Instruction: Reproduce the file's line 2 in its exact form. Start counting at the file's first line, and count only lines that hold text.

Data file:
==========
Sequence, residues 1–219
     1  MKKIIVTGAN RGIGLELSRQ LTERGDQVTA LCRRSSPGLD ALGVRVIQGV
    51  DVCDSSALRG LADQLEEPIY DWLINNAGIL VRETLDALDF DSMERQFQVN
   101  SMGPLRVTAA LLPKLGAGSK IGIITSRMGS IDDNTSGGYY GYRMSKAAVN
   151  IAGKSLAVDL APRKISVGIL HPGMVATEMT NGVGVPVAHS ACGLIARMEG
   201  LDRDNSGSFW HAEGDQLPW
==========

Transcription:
     1  MKKIIVTGAN RGIGLELSRQ LTERGDQVTA LCRRSSPGLD ALGVRVIQGV